Q: I’m now hearing a lot about “ongoing commissioning” and “continuous commissioning” of facilities. How can I ensure that the commissioning process will be well-organized and deliver the best results?
A: The story goes that a visitor to Manhattan stopped Jascha Heifetz and inquired, “Could you tell me how to get to Carnegie Hall?” “Yes,” said Heifetz. “Practice!
The goal of building commissioning (Cx)—in whatever form or building stage it’s performed—is to clearly identify and rectify obstacles to the efficient operation of buildings. First, a quick refresher. Then we’ll review some recommended best practices for building commissioning and provide you with sources for more detailed information than this column can cover.
In Part 1 (March issue), we covered the definitions and types commissioning (Cx) that can take place over the lifespan of a facility. Here’s a brief recap: Building commissioning, as defined by ASHRAE Guideline 0, The Commissioning Process, is “a quality-oriented process for achieving, verifying, and documenting that the performance of facilities, systems, and assemblies meets defined objectives and criteria.” Existing building commissioning (EBCx) is defined by the Building Commissioning Association (BCA) as “a systematic process for investigating, analyzing, and optimizing the performance of building systems through the identification and implementation of low/no cost and capital intensive Facility Improvement Measures and ensuring their continued performance.” This includes re-commissioning, retro-commissioning, and ongoing or continuous commissioning. Payback on commissioning was also discussed.
Some basic rules for the road
Regardless of what type of commissioning process you undertake, here are a few “rules for the road” to help you:
1. An independent, third-party commissioning agent will ensure unbiased advice. Buying the in-house services of your design or construction firm could be a costly decision with inherent conflicts of interest as they have their own work to protect. An independent third party Cx agent is working as the owner’s representative, provides best practice advice, and identifies the type of commissioning program that makes the most sense for your particular circumstances.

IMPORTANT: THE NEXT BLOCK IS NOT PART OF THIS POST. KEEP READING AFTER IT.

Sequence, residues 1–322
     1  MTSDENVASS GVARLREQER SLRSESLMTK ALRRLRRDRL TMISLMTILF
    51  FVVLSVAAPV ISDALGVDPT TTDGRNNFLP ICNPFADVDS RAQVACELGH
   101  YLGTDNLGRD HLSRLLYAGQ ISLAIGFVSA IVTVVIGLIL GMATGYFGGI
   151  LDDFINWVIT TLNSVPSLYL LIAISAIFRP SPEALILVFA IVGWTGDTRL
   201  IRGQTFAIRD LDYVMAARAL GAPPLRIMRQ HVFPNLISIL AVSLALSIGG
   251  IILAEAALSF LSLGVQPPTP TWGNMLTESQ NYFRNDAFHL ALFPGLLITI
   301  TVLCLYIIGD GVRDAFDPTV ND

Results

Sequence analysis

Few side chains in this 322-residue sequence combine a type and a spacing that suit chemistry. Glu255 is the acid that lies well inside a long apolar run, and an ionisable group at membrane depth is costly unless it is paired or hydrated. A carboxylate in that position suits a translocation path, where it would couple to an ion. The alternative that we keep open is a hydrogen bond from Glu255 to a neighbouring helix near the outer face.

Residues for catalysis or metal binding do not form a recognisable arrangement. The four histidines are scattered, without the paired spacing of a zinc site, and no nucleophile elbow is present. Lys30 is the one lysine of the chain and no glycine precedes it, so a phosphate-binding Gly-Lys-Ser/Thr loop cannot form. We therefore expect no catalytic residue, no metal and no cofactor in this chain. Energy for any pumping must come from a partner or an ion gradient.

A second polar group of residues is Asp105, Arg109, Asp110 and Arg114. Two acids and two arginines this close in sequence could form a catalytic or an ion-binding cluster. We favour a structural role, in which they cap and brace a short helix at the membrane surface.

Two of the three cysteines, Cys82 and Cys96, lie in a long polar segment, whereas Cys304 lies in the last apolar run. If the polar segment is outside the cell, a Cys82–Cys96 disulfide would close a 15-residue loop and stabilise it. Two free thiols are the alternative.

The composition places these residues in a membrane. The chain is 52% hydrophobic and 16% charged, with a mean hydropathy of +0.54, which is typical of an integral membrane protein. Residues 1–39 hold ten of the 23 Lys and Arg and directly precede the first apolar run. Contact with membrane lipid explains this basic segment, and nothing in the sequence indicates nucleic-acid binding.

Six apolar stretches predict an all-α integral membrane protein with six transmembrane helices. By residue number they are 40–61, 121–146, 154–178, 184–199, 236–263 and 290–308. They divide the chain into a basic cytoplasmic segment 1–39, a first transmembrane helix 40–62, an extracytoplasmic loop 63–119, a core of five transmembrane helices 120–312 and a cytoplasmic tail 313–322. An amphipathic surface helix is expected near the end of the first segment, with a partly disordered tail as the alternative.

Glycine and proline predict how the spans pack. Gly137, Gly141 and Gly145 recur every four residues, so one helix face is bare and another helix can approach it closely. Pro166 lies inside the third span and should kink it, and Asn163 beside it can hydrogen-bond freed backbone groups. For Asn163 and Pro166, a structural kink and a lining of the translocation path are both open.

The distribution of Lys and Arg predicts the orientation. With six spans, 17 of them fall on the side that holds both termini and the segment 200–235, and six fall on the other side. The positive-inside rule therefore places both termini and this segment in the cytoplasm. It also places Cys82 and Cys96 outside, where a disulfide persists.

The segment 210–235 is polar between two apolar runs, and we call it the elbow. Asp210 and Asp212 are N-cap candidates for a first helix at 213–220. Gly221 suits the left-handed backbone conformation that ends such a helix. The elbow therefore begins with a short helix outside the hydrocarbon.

2. Always utilize a firm (and their personnel) credentialed by a leading industry organization such as the AABC Commissioning Group (ACG) to ensure their expertise, ethics, and process. Building commissioning is a quickly evolving practice—be sure the personnel assigned to your project work on Cx full time.
3. Take the time to review the new ASHRAE and IES Cx standards so you understand the process and best practices.
4. Document, document, document. If your consultant is lax in this practice, you’ve picked the wrong horse.
5. Verification and compliance throughout the project is mandatory. It’s not a luxury.
6. Training is paramount. Your investment in Cx will uncover opportunities to adjust your building’s systems to optimize operations, energy usage, and costs. If your facilities staff or maintenance personnel aren’t up to the task, you’re throwing your money down a rat hole. At SMRT, we routinely train the existing staff and develop video and other training materials unique to the project that can used for onboarding new facilities personnel. Don’t accept operational responsibilities if your staff isn’t up to the task.
7. As this article outlines, commissioning should be an ongoing process—whether at the highest level of continuous, real time commissioning, or regularly scheduled re-commissioning. Over time, equipment falls out of sync, building interiors and exteriors are reconfigured, building systems are upgraded, product and process requirements drive change. All these situations cry out for fine-tuning your commissioning and saving yourself money and maintenance headaches.